Follow-up question to Why couldn't the dwarves beat/kill the Balrog?

From the answers to that question, the dwarves apparently couldn't kill the Balrog because the Balrog is very powerful, so powerful that by the Third Age very few people could actually beat it one-on-one. But that's one-on-one. There's no rule that the dwarves have to fight the Balrog one-on-one. Why couldn't the dwarves assemble a legion of crossbowmen and kill the Balrog 1000-on-1?

A first guess is that the Balrog is impervious to weapons, but this implies the Balrog is vulnerable to swords, and by extension arrows. Another possibility is that the Balrog travels with a retinue of Orcs that makes it 1000-on-1000, but since the Balrog leads from the front (it confronted the Fellowship personally) the dwarves could still presumably kill it with ranged weapons - if not with arrows (because it's out of range), then with ballista bolts or something.

  • 5
    This question seems to suffer from an idea introduced by D&D, and that is that any being has a finite ability to absorb damage. There is no evidence that the dwarves can hurt the Balrog at all and a million times zero is still zero.
    – DavidW
    Commented May 30, 2023 at 3:47
  • @DavidW if the Balrog is vulnerable to weapons, why would the dwarves not be able to hurt the Balrog?
    – Allure
    Commented May 30, 2023 at 3:49
  • 4
    Evidence that the Balrog is vulnerable to weapons? (Note that you're pointing to a movie scene, and even it doesn't say that Balrog is vulnerable to a sword, just that the Balrog can be fought with a sword wielded by a Maia.)
    – DavidW
    Commented May 30, 2023 at 3:53
  • 1
    I fail to see why this is a duplicate and there's no explanation above either, so voting to reopen.
    – Allure
    Commented May 30, 2023 at 5:12
  • 1
    I can't see how this question is sufficiently different from the linked dupe to vote to reopen. The questions are essentially the same: an answer to this question would immediately apply to the linked Q, so imo they are dupes.
    – fez
    Commented Jun 1, 2023 at 8:17

1 Answer 1


Very little is known of how the first fighting between the balrog and the dwarves of Moria went. In fact, it appears that the only information may be what is given in Appendix B ("The Tale of Years") of The Lord of the Rings:

1980 ... A balrog appears in Moria and slays Durin VI.
1981 Náin I slain. The Dwarves flee from Moria....

Clearly, there was not one single battle in which Durin's Bane earned his name by killing the king and driving the other dwarves away. The dwarves remained, presumably struggling with the balrog, for at least a matter of months, until they lost another king. Only after that did Thráin the Old lead them away from Khazad-dûm. However, what went on during this period of conflict was never revealed, and we do not know what tactics were used by either side in the conflict.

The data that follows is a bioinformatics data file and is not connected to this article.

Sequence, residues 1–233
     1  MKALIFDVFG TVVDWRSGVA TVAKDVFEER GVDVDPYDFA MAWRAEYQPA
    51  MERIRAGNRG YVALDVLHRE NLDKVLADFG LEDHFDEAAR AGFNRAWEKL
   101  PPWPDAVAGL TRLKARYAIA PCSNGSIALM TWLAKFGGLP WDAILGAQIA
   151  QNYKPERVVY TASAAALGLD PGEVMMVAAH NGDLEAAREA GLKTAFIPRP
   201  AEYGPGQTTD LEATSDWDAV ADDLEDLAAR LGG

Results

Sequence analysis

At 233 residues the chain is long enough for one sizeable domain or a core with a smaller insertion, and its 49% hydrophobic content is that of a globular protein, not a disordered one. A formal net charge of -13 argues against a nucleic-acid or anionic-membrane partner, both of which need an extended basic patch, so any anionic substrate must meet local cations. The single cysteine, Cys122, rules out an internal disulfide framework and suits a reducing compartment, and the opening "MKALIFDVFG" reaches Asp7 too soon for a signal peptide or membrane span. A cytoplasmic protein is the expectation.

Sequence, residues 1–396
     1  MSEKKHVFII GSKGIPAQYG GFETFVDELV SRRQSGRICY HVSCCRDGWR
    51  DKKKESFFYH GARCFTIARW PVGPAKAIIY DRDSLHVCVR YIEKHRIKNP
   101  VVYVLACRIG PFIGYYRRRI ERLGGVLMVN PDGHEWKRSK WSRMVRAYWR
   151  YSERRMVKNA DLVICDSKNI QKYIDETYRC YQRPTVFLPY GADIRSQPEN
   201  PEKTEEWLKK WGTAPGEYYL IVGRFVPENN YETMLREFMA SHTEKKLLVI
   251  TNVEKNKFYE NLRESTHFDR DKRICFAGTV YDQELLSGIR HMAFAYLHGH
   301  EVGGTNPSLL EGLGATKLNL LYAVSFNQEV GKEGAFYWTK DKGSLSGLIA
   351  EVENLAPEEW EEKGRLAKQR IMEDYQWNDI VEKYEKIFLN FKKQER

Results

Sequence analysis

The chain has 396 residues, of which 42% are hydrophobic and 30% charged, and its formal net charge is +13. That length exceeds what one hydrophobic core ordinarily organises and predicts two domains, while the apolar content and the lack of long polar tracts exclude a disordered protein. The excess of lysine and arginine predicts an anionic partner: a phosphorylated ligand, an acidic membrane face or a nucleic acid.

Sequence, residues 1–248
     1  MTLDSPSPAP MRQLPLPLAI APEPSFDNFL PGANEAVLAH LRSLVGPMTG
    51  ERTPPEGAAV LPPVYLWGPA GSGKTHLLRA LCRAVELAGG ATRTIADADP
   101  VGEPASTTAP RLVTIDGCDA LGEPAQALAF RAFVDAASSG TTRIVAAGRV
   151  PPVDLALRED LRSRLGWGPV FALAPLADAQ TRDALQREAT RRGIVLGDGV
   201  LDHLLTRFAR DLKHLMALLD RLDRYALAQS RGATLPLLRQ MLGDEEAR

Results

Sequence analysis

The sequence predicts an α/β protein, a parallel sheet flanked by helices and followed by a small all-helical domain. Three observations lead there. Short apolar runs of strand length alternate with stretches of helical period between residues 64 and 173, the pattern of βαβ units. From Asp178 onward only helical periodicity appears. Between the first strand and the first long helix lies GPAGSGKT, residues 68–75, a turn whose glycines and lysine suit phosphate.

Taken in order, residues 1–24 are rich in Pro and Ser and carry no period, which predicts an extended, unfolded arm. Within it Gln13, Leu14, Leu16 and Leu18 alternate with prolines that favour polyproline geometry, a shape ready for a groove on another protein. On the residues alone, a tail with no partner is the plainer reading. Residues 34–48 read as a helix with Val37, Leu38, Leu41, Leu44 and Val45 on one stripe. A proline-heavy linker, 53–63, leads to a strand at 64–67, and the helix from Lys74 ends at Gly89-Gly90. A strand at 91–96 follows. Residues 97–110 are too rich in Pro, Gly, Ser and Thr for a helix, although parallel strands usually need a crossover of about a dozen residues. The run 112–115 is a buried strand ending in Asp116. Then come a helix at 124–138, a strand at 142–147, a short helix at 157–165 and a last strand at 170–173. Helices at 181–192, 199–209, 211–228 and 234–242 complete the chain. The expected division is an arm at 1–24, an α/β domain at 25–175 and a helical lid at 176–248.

We do get one further glimpse of the balrog's power of the dwarves, almost nine hundred years later, however. According to Appendix A, at the Battle of Azanulbizar:

Up the steps after him leaped a Dwarf with a red axe. It was Dáin Ironfoot, Náin’s son. Right before the doors he caught Azog, and there he slew him, and hewed off his head. That was held a great feat, for Dáin was then only a stripling in the reckoning of the Dwarves. But long life and many battles lay before him, until old but unbowed he fell at last in the War of the Ring. Yet hardy and full of wrath as he was, it is said that when he came down from the Gate he looked grey in the face, as one who has felt great fear.


Then Thráin turned to Dáin, and said: ‘But surely my own kin will not desert me?’ ‘No,’ said Dáin. ‘You are the father of our Folk, and we have bled for you, and will again. But we will not enter Khazad-dûm. You will not enter Khazad-dûm. Only I have looked through the shadow of the Gate. Beyond the shadow it waits for you still: Durin’s Bane. The world must change and some other power than ours must come before Durin’s Folk walk again in Moria.’

So even Dáin Ironfoot, one of the greatest dwarf warriors and kings of the Third Age, was so terrified by the mere presence of the balrog inside Moria that he could not enter, and it seems that he knew that no other dwarves would be able to enter either—at least, not at that time. When the Company meet Durin's Bane, the witness that

a power and terror seemed to be in it and to go before it,

and it seems that was an exceedingly powerful weapon in itself.

Not the answer you're looking for? Browse other questions tagged or ask your own question.